At What Age Should You Take Your Kid Backpacking?

So you love backpacking or the idea of backpacking, but now you have a little one or two to take care of. When can you start to share your passion with the rest of your family?

The best time to try an initial backpacking trip is age 4 to 6, when kids start to keep up with an adult-like pace over short to moderate distances and can carry their own little backpacks. Some experienced backpackers choose to carry their kids with them as infants, but others are simply not comfortable with this risk. Toddlers pose more challenges than other ages as they are heavier than infants and are often extremely slow and prone to falling and frustration. By age 8 to 10, kids can start to take on adult distances and pacing, but may be resistant to the outdoors if not in some way previously exposed to this activity.

We surveyed experienced backpackers and here are the results. Most fell into two camps: kids should start at infancy or 4 to 6 -years old. The terrible 2’s and 3’s may be a good time to take a backpacking pause.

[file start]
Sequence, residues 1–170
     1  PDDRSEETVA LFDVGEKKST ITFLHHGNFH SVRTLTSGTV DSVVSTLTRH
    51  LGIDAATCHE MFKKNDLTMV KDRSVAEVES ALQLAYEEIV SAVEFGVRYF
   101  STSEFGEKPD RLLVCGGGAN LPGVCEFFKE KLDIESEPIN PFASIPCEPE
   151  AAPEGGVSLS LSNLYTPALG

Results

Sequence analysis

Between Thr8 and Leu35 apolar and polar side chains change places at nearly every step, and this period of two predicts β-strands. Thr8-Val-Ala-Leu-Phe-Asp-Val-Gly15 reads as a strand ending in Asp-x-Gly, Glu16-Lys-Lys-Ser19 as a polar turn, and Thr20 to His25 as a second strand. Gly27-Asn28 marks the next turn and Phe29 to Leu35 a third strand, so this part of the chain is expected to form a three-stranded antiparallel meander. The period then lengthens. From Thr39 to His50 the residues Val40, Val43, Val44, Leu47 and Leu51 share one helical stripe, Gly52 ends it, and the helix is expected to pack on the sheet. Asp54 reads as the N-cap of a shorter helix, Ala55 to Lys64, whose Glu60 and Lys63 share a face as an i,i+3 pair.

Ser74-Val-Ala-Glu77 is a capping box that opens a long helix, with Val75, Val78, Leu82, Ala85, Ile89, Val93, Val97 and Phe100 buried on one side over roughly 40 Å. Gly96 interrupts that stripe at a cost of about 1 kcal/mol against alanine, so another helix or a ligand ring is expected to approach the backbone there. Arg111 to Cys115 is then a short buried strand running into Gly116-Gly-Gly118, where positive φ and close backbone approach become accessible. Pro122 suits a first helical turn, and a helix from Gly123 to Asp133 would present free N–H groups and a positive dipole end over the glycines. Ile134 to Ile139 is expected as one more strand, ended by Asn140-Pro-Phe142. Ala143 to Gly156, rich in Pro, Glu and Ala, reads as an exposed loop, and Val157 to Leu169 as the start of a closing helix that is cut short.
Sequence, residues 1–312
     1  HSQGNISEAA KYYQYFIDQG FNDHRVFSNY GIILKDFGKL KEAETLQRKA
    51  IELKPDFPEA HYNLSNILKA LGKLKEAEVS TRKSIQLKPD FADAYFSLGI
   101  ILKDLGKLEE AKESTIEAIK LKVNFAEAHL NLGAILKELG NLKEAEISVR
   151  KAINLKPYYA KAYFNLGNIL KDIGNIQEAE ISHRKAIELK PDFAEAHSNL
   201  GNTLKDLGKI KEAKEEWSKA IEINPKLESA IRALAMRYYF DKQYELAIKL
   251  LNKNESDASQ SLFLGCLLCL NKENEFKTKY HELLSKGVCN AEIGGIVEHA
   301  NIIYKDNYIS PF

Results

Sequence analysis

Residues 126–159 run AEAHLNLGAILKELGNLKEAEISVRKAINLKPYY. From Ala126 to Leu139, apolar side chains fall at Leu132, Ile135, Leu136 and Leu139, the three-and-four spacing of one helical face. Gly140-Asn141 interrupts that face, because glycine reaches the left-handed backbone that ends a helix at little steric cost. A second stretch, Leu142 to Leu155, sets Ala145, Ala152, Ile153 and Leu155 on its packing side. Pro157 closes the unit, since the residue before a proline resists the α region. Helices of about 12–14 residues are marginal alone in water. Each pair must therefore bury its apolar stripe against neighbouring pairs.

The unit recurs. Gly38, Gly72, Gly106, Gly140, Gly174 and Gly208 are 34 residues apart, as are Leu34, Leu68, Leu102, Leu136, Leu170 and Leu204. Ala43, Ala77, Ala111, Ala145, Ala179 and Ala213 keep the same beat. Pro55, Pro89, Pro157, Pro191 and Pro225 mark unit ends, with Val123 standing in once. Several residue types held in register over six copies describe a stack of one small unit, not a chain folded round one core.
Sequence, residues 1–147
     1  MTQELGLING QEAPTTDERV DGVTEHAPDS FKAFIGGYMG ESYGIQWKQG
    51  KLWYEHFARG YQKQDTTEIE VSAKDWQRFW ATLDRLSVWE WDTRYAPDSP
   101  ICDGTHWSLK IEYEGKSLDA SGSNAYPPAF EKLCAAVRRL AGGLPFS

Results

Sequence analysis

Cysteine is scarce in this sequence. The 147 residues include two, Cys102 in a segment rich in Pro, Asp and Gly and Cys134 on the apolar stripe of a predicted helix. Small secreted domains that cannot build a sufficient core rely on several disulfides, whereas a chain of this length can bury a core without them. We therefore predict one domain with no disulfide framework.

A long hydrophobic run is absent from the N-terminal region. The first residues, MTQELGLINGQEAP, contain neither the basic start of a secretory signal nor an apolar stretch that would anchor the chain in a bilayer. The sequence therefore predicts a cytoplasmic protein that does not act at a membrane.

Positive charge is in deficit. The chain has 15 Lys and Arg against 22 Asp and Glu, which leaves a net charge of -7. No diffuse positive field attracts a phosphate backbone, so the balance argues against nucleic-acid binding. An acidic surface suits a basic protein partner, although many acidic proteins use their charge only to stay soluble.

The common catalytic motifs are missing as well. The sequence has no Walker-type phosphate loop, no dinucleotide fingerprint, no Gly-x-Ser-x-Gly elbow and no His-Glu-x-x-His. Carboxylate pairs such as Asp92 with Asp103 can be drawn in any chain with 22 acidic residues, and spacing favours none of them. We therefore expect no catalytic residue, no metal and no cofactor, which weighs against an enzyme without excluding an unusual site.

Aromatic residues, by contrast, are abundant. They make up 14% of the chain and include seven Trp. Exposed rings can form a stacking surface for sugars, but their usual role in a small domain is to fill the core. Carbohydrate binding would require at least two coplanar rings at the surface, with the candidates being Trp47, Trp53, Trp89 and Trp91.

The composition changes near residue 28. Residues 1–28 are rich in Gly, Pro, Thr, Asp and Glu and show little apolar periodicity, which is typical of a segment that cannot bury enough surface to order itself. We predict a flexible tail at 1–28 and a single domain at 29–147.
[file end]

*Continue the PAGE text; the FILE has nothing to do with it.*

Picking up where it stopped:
Question: At what age should you take your kid backpacking?

Our survey of experienced community members

Helpful and Common Comments About Backpacking with Kids from the Experienced Community:

  • “Expect slow, short and steady to build endurance and confidence in younger kids.”
  • “We sometimes had to carry our 3-year-old. That’s quite a lot of extra weight.”
  • “Infants are much easier than toddlers. 1 to 2-year-olds will want to walk sometimes, are extremely slow and may fall a lot.”
  • “Bring lots of snacks and maybe a distraction like a speaker.”
  • “Kids get cranky easily in the heat…Try winter hiking.”
  • “Start with day hikes and car camping with little ones until they are 4+.”